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How to Make Nylon Flowers

The homemaker of the 1950’s was nothing if not frugal, and I’m sure Mom thought this clipping interesting and resourceful.  

I couldn’t wait to be old enough to shave my legs and wear “Nylons”, or “hose”.  There were usually worn with a garter belt (for practical reasons, not exotic) because they were stockings that came up to about three-fourths of your thigh.  They had a seam up the back and you had to make sure your seams were straight.  By the time I was a junior in high-school, you always wore them with a girdle (on my skinny little 110 lb. body!!!) because you didn’t want to “jiggle”.  Panty hose didn’t become a part of my wardrobe until several years after marriage.  Who knew we would come round to 2010 when wearing hose is out of fashion.

My first recollection of artificial flowers would be tiny papery buds on a hat.  Since Catholic women needed to cover their hair when going to church, we used that as an excuse to wear a fashionable hat.  However, the instructions in this clipping are geared towards making flowers for a corsage.  If a woman wore a corsage like this, it was likely an adornment on a suit she wore to church .  I doubt Mom or any of us girls ever really tried to make one, but I might try to now.  In 1979 my parents celebrated their 50th anniversary.  Craft stores were a new idea and Frankfort had one.  My oldest sister and I used packages of petals, centers and stems from the craft store to make the corsages for the celebration.  It was only then that the general population would debate whether to use artificial or fresh flowers for a celebration.

This clipping has some damage.  Of the three recipes on this page of the cookbook, the one for Cream Puffs looks the most familiar to me….so likely, those spills occurred while making them.  Some words either aren’t there or are hard to determine, hence the parentheses.  It likely came from the Drovers Telegram and is one where the author’s name and address are listed at the end, but no zip codes. Although zip codes were first introduced in 1944, they didn’t become mandatory until 1967.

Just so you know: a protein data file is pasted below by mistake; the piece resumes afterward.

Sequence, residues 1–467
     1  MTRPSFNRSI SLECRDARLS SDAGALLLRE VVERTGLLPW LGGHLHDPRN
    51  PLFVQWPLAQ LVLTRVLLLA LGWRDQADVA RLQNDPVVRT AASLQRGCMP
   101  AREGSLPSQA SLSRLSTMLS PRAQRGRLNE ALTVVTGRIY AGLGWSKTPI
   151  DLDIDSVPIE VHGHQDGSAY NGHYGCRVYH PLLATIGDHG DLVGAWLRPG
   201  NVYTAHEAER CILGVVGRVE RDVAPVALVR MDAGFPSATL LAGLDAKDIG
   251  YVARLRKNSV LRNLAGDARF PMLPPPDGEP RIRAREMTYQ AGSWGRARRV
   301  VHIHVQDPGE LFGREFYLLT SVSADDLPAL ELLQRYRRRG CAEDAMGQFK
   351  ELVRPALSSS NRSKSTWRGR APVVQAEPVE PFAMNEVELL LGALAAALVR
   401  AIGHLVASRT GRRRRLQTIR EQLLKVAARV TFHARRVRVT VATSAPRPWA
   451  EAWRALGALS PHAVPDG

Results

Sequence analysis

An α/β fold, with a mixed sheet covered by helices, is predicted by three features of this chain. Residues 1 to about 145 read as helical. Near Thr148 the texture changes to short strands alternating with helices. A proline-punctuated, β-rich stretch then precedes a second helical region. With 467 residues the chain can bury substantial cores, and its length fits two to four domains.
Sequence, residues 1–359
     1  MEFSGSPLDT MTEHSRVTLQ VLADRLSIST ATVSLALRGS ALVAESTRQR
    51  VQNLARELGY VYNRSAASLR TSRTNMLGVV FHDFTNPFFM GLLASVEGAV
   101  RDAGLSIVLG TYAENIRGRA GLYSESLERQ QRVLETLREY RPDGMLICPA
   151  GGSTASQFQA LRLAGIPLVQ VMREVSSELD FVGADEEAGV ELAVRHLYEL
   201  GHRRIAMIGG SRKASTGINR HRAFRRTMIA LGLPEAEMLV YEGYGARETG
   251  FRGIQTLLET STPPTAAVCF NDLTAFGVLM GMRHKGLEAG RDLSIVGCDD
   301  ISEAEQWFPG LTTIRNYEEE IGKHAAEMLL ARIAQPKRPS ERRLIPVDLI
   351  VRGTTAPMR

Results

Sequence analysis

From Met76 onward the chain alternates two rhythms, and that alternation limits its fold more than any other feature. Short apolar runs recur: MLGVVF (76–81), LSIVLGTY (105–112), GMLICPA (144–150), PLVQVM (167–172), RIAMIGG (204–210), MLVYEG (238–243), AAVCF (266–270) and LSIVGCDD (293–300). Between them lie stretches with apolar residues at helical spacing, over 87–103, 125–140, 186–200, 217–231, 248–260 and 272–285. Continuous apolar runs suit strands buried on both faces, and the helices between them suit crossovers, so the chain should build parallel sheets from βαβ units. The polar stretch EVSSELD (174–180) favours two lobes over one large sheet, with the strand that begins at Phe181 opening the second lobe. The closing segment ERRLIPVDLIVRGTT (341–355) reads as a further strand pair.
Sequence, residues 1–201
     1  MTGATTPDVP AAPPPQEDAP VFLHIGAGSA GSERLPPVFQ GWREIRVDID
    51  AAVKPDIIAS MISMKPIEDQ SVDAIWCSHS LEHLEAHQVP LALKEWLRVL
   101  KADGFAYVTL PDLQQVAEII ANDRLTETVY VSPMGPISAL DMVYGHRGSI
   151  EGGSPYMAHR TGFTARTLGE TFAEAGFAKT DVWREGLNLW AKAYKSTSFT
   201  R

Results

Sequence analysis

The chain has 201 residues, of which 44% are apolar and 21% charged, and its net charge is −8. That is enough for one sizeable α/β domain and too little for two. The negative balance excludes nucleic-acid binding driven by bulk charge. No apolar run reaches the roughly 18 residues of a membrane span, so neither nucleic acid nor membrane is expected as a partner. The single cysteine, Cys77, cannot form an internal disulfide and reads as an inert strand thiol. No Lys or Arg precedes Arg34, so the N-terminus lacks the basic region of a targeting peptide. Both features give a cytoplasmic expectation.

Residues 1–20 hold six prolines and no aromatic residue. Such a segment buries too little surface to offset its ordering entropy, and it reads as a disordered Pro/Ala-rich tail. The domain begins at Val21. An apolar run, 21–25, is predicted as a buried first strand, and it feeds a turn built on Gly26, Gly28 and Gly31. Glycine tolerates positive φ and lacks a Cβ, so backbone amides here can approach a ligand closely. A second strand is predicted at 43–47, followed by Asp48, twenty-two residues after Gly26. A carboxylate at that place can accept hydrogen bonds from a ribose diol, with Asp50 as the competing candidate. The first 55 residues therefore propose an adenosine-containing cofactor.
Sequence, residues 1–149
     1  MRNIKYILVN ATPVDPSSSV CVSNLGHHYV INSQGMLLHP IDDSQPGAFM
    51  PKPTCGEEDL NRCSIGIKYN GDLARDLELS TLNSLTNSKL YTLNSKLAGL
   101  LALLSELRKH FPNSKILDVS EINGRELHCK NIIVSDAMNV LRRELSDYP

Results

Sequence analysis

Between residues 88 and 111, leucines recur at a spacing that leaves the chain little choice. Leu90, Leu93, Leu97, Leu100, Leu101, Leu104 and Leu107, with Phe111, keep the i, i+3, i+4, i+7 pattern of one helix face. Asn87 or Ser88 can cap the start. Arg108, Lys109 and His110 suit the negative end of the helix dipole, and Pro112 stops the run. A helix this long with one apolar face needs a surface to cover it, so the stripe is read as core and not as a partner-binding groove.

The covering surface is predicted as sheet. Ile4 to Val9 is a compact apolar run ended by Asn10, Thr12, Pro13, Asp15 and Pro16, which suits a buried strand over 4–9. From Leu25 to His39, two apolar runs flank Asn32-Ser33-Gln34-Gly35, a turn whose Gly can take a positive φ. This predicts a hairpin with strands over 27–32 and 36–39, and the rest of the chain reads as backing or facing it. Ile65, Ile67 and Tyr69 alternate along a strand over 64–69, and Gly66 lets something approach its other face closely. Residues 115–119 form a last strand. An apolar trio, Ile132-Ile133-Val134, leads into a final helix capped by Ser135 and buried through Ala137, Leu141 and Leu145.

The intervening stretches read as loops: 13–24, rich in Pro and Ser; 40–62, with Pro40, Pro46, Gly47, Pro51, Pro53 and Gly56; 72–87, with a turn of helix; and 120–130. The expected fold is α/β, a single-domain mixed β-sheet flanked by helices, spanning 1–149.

How to Make Nylon Flowers

Mrs. L.J. Sayre asked for directions for making nylon flowers recently.  I sill send them in as they were given to me.

For the hose use a color remover that requires no boiling.  They dye with all-purpose dye.  (Cut) a (nine) inch strip of copper screen and (then) unravel. Use the wrinkled wire (for) shaping petals and leaves and (make)  nine-inch lengths (stems).  Cut nylon in three to ten-inch squares depending on the desired size of petals.  Place crinkled wire across square from corner to corner; fold nylon (half) over wire and gather base of petal, twist wire to hold in shape of a circle.

After making the desired number of petals, assemble them with a straight piece of wire for stem and space and shape petals evenly.  Wrap hanging ends of nylon with florist’s tape, wrapping it to end of stem. Make as many flowers as desired, then shape into corsage and add green leaves made the same as single petals.  Buds made by wrapping nylon over a bit of cotton make a pleasing addition.  For centers use bought stamens, pretty buttons, beads, or short lengths of floss or crochet cotton with ends dipped in paraffin or sealing wax or a tiny ball of cotton covered with nylon may be used.  Each corsage needs a yard of ribbon, half to three-quarters of an inch wide, in harmonizing color.  __Louise Schaber, Route 3, Wisner, Neb.

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